A general purpose oils general purpose oils contain

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Unformatted text preview: purpose oils contain R&O additives, AW agents, antifoamants, and demulsifiers. They may be used in mechanical applications where a specialized oil is not required. Their ISO viscosity ranges from about 32 to around 460. These oils are often referred to as R&O oils or hydraulic oils although they may contain other additives and are not intended exclusively for hydraulic use. 13-2 EM 1110-2-1424 28 Feb 99 Some of these oils are more highly refined and provide longer life and better performance than others. These are usually referred to as “turbine oils” or premium grades. Although used in turbines, the name “turbine oil” does not mean their use is restricted to turbines, but refers to the quality of the oil. (b) EP gear oils. These oils generally have a higher viscosity range, from about ISO grade 68 to around 1500, and may be regarded as general purpose oils with EP additives. Although commonly used in gear systems, these oils can be used in any application where their viscosity range and additives are required. Gear oils should not be confused with SAE gear oils that are specially formulated for automotive applications; automotive oils are not discussed in this manual. (5) Producer brand names. Oil producers often identify their products by names that may or may not be connected with standard classifications. For example, a name such as Jo-Lube 1525, a product of Jonell Oil, tells nothing of its class. However, Conoco's Dectol R&O Oil 32 indicates that it is an R&O oil with an ISO viscosity of 32. Regardless of how much information may be implied by the brand name, it is insufficient to select a lubricant. A user must refer to the producer’s information brochures to determine the intended use, additives, and specifications. (6) Oil producer’s product data and specifications (a) Product data. Oil producers publish product information in brochures, pamphlets, handbooks, or on the product container or packaging. Although the amount of information varies, it generally includes the intended use, the additives (AW, EP, R&O, etc.), oil type (i.e., paraffinic, naphthenic, synthetic, compounded, etc.), and the specifications. Some producers may identify the product by its usage classification such as those noted above, or they may simply note the machinery class where the product can be used. Often, both methods of identification are used. Intended use designations can be misleading. For example, fact sheets for three different oils by the same producer indicate that the oils can be used for electric motors and general purpose applications. However, all three are not suitable for every application of this equipment. One oil contains no oxidation inhibitors and is intended for use where the oil is frequently replaced. The second is an R&O oil with the usual antifoaming and demulsifying agents. AW agents are also included. The third is a turbine oil similar to the second except that the refining method and additive package provide greater protection. One turbine viscosity grade, ISO 32, is treated to resist the effects of hydrogen used as a coolant in generators. Failure to notice these differences when evaluating the data can lead to incorrect application of these lubricants. Producers do not usually list additives. Instead, they indicate characteristics such as good antiwear qualities, good water resistance, or good oxidation resistance. These qualities are not inherent in oil or contained in sufficient quantities to provide the degree of protection necessary. Therefore, the user is safe in assuming that the appropriate agent has been added to obtain the given qu...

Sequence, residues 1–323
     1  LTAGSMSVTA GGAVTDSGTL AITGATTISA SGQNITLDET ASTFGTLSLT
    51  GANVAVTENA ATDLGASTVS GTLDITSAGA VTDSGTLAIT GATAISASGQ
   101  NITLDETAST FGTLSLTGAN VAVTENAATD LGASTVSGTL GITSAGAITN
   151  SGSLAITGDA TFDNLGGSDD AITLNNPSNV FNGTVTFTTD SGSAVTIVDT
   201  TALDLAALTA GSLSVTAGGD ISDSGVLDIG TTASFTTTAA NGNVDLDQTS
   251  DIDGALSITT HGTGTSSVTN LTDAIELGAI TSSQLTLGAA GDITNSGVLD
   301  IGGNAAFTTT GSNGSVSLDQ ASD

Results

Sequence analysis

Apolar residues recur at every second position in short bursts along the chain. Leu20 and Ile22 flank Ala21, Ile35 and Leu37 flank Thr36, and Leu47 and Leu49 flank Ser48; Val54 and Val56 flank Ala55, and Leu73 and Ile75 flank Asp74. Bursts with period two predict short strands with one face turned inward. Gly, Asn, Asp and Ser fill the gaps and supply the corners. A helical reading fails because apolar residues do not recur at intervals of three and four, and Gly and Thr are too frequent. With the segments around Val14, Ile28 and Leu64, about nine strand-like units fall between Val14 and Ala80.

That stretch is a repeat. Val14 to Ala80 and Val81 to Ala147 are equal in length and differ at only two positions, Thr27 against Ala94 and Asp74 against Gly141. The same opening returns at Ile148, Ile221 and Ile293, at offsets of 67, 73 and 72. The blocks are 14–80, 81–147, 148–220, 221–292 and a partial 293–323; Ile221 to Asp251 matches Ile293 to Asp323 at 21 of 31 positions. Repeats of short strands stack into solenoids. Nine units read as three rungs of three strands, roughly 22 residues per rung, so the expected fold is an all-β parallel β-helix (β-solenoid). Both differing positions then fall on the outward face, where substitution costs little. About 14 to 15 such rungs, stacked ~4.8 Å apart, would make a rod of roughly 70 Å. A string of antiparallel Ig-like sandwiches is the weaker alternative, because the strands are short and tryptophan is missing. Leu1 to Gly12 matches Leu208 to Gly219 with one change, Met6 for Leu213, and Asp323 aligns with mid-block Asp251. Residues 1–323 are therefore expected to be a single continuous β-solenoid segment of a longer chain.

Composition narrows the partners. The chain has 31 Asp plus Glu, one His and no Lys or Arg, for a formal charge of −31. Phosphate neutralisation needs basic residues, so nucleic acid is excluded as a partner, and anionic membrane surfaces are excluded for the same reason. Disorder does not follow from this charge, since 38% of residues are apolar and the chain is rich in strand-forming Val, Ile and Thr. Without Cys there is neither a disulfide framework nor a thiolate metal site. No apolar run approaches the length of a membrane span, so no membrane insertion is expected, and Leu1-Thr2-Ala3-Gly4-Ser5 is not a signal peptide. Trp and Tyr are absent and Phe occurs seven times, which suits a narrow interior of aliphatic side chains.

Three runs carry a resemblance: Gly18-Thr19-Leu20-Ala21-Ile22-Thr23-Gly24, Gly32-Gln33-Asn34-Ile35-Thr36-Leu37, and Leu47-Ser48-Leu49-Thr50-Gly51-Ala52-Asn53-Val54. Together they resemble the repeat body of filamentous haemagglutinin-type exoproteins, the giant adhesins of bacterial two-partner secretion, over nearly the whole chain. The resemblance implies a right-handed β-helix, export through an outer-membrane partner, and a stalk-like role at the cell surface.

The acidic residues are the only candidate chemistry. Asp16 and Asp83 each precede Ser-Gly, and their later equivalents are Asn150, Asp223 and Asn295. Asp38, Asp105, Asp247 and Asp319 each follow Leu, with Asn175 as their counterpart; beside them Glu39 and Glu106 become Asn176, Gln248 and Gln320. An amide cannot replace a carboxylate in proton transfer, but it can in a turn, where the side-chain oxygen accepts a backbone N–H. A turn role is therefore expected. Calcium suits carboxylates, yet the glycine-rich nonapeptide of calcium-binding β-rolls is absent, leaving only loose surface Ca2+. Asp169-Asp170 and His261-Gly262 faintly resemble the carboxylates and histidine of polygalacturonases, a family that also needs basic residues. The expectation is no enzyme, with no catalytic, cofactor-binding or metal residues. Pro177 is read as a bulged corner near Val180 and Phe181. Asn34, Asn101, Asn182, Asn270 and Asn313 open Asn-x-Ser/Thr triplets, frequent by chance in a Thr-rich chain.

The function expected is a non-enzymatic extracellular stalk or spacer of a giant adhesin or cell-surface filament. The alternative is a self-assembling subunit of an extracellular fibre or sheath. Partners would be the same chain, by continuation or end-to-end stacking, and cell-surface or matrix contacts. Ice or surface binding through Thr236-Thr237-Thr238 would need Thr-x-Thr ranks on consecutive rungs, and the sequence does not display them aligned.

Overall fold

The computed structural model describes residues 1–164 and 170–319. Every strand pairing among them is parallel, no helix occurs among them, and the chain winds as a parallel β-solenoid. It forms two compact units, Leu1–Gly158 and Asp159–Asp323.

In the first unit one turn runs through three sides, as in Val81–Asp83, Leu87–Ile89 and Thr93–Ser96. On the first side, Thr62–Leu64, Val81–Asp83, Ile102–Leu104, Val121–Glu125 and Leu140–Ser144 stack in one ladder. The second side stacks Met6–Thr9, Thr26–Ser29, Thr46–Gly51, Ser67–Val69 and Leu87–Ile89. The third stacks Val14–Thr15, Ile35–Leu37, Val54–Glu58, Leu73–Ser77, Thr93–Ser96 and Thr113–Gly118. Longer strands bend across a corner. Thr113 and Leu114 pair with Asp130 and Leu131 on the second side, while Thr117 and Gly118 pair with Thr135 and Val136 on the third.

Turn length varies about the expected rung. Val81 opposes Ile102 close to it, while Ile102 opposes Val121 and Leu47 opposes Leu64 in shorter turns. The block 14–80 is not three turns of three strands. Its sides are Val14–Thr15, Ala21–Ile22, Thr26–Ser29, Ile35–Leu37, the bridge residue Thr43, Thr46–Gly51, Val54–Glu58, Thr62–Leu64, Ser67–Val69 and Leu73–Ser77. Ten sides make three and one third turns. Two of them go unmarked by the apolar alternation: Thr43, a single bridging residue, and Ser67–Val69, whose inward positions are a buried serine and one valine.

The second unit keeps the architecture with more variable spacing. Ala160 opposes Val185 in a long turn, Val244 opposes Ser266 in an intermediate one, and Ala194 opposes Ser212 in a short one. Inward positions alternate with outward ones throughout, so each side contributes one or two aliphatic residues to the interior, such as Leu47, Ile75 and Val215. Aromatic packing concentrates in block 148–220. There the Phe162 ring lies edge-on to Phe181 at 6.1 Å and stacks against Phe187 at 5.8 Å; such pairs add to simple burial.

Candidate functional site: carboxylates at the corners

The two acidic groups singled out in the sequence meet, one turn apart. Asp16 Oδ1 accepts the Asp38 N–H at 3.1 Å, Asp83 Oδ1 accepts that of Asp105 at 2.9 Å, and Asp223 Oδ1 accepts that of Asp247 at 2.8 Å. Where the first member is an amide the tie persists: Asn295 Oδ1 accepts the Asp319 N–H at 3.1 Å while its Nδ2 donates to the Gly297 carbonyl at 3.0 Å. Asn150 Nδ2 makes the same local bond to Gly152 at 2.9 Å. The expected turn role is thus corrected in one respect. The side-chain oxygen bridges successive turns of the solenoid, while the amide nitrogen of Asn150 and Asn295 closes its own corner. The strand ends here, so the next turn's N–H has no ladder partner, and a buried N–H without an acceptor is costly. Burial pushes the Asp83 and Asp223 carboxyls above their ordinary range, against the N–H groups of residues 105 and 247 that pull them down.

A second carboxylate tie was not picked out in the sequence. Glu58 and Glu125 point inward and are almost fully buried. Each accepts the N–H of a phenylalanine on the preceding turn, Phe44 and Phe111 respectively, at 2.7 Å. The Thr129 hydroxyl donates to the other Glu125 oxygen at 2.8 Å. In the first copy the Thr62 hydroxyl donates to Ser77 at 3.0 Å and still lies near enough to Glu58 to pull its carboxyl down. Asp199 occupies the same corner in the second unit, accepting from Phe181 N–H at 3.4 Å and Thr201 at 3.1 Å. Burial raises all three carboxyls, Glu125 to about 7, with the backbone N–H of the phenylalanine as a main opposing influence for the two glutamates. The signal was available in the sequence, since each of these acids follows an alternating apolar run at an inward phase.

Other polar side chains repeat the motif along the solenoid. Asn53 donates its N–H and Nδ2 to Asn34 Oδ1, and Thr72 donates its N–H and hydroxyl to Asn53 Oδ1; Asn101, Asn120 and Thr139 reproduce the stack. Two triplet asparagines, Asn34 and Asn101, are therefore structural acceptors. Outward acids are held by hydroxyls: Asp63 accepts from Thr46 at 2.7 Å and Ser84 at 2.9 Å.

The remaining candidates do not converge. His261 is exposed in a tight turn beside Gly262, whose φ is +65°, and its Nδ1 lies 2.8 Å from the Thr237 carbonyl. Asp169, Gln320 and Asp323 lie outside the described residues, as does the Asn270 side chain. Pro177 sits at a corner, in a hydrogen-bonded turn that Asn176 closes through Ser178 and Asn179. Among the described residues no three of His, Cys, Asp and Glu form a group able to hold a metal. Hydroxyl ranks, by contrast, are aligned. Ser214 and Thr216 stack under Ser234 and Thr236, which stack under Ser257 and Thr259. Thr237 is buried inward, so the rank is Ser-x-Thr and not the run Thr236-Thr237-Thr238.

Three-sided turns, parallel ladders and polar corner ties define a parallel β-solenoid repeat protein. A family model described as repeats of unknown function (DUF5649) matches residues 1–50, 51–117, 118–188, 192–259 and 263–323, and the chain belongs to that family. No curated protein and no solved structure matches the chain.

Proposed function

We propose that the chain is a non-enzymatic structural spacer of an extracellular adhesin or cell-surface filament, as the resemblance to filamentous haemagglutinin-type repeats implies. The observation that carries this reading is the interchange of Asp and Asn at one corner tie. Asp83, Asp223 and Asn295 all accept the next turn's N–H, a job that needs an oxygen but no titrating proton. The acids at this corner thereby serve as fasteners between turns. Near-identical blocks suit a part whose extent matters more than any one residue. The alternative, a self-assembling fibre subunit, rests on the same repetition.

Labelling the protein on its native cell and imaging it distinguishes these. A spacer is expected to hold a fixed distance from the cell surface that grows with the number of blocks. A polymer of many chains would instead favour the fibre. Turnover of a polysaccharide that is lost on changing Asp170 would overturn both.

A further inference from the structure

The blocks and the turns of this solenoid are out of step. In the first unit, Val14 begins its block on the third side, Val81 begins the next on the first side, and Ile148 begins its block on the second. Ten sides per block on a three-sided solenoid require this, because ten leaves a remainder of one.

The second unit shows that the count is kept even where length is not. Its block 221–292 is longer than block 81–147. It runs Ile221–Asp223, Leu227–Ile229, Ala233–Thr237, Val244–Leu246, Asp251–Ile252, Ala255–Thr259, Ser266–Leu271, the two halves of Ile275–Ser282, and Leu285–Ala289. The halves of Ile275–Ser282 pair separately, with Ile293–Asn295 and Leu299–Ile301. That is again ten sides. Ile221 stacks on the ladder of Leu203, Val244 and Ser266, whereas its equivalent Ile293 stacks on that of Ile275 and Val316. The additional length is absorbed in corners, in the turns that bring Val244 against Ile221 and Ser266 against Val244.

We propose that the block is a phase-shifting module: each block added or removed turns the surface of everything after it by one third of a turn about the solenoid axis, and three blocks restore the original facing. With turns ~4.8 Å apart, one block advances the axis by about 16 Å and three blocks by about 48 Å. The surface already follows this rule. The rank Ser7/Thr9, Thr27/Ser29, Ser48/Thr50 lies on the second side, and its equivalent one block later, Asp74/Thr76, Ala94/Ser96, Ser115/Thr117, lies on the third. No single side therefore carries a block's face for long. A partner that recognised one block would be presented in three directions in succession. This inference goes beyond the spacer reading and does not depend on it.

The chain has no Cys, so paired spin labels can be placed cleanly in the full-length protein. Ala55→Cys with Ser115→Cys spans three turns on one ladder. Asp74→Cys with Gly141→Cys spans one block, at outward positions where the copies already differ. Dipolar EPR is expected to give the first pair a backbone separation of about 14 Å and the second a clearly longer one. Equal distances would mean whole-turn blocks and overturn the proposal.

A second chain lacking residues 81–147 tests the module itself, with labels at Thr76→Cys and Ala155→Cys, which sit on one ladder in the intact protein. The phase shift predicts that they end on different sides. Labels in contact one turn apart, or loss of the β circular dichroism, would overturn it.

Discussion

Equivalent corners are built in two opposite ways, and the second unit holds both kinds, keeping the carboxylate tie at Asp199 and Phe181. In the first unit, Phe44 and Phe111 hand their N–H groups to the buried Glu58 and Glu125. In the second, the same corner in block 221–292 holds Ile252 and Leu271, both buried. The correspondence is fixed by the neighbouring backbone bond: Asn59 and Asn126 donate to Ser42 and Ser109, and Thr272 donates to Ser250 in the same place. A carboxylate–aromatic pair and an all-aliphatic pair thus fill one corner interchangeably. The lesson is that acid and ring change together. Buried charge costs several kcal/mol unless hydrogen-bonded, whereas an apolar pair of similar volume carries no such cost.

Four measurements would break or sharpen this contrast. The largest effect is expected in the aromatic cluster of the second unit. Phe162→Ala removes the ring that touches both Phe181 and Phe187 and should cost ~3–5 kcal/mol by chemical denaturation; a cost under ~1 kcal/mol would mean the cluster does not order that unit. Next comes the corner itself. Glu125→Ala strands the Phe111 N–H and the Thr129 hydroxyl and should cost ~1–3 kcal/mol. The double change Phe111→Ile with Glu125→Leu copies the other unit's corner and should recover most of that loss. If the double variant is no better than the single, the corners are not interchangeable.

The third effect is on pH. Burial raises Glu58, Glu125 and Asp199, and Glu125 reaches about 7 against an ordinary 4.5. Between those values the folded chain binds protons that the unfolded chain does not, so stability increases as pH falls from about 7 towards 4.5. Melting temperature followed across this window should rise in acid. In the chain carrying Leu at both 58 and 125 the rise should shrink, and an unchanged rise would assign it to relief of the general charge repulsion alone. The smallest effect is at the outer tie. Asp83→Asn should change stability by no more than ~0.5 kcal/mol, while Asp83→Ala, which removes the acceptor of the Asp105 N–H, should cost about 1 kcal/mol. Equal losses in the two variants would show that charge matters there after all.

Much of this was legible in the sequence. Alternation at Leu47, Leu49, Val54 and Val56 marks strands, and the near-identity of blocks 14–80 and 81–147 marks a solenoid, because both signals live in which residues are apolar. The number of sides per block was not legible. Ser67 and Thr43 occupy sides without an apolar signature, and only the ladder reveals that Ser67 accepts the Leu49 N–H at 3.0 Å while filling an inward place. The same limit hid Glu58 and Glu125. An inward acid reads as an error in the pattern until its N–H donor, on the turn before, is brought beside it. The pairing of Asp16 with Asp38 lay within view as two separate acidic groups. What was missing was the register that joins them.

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This note was uploaded on 02/09/2012 for the course MECH 84 taught by Professor Mba during the Spring '11 term at LDSBC.

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